A Rabbi is not conferred with a holy status and a special authority to carry out sacred rituals. He is just like any other member of Jewish Community, but with a greater amount of knowledge than the others.
Rabbi is simply a teacher and a leader who is sufficiently educated in Jewish Law (Halakhah) and tradition. His/her main duty is to be an instructor and assistant for the congregants who seek advice regarding the religious activities.
After obtaining the Rabbinical ordination or S'micha, rabbis inform and guide decisions at the synagogue. Their role is not only confined to being a spiritual leader, but an educator, a counselor and a role model.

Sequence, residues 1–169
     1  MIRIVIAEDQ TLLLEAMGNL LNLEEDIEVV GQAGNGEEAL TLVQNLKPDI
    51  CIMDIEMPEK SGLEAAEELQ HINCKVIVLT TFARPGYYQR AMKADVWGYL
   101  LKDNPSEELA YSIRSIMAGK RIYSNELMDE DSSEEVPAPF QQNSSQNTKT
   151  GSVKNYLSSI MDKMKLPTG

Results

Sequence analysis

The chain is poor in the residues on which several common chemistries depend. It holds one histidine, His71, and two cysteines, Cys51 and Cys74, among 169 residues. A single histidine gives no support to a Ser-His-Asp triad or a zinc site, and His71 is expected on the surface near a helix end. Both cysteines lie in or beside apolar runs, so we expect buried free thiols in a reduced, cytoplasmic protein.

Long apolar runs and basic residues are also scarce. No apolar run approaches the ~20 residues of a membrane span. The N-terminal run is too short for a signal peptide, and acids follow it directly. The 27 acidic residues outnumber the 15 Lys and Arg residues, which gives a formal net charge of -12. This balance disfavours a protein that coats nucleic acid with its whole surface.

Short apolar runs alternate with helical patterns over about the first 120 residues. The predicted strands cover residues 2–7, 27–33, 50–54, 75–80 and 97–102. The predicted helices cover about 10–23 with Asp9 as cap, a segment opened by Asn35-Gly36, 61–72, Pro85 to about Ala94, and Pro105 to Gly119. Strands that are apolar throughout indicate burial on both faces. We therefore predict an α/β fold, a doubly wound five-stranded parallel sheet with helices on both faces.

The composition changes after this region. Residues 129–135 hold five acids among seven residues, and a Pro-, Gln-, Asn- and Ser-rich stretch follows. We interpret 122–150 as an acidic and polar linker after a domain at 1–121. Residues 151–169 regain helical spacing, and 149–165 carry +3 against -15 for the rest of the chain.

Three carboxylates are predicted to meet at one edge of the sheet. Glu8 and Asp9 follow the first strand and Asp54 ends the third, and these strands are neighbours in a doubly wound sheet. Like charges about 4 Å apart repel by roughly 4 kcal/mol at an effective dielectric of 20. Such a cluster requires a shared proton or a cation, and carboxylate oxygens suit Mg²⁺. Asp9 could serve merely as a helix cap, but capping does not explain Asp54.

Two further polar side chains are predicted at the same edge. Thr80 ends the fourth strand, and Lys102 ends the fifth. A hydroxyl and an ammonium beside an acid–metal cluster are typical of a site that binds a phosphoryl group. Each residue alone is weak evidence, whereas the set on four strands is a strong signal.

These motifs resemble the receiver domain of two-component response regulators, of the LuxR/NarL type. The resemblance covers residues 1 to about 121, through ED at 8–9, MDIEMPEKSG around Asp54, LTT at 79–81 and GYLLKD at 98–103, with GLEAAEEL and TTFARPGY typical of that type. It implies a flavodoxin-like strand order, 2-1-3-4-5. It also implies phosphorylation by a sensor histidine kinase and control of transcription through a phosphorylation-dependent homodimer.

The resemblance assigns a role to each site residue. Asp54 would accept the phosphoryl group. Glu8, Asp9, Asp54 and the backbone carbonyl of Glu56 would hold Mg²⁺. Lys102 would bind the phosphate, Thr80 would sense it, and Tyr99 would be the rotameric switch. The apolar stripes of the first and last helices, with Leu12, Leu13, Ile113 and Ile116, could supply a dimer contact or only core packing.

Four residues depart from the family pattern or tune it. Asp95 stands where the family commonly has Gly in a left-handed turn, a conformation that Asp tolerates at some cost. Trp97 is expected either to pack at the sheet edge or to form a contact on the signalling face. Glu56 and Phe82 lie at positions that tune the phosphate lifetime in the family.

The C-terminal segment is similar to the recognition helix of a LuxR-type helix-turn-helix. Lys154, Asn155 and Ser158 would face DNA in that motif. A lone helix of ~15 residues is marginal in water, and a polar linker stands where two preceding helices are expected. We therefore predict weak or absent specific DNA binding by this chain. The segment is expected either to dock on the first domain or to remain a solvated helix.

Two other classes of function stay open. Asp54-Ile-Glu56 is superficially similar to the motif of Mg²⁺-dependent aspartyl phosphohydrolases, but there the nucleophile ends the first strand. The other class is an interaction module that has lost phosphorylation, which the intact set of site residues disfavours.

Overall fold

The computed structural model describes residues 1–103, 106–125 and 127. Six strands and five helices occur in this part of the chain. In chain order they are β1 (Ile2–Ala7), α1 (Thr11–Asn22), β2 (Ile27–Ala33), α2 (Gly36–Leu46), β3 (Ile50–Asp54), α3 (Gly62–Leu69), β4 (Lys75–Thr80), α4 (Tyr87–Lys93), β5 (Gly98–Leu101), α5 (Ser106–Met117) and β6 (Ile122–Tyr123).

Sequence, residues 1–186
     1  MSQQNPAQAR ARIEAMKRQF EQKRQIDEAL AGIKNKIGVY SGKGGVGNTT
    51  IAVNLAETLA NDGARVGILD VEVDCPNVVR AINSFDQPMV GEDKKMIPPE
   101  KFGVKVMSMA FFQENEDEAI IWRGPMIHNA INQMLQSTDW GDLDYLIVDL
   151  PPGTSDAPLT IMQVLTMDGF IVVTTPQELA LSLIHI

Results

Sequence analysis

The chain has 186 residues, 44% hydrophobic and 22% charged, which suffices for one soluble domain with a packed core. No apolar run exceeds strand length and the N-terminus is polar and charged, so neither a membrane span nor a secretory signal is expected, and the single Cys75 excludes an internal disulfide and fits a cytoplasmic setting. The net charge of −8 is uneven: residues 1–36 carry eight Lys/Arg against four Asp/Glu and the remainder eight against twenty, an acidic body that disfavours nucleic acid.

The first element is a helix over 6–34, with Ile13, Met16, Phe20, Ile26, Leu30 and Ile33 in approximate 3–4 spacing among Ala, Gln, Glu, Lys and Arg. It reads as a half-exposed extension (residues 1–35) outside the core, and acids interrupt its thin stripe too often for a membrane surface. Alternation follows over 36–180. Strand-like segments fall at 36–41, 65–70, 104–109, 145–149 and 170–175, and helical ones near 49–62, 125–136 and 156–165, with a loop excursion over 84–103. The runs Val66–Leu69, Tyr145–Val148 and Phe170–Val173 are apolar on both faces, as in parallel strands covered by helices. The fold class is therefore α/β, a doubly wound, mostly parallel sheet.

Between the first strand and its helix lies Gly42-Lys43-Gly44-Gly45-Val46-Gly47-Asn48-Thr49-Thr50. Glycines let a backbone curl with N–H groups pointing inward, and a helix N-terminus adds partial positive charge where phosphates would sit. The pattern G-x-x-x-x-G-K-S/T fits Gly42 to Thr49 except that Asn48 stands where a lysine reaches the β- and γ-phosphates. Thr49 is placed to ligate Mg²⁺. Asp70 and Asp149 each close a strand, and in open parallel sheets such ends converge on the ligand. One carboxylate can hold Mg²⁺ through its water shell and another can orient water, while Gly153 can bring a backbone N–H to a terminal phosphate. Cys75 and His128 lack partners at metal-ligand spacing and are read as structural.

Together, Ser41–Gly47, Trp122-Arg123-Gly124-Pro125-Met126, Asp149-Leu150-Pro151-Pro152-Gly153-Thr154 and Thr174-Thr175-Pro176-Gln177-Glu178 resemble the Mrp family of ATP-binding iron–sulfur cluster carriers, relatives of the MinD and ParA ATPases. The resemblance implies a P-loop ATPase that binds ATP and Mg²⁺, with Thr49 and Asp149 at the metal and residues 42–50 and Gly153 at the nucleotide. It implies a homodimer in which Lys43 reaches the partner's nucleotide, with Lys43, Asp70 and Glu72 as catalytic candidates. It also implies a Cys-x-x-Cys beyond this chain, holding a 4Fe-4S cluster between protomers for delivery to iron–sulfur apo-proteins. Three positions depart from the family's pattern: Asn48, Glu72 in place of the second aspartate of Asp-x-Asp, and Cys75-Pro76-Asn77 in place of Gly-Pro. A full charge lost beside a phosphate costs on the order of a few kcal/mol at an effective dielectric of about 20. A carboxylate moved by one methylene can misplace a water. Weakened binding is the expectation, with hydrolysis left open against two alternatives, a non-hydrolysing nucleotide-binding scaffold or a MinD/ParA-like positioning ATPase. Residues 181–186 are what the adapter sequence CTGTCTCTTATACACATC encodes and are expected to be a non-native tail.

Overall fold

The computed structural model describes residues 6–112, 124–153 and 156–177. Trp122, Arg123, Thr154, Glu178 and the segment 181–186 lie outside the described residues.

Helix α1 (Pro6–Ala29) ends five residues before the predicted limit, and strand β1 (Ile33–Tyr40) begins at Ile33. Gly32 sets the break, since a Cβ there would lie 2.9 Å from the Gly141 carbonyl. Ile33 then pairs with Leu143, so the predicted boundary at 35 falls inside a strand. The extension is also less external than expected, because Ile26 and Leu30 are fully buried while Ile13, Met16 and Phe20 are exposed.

Typical duties of an ordained Rabbi include leading spiritual services such as officiating at life-cycle events of Bat Mitzvahs and Bar Mitzvahs, weddings, funerals, baby naming ceremonies, High Holiday and Shabbat services on Yom Kippur and Rosh Hashanah.
A Rabbi is more than just an officiator of religious observances. He or she is the one required to encourage growth, and foster unity among his respective congregation and the greater community.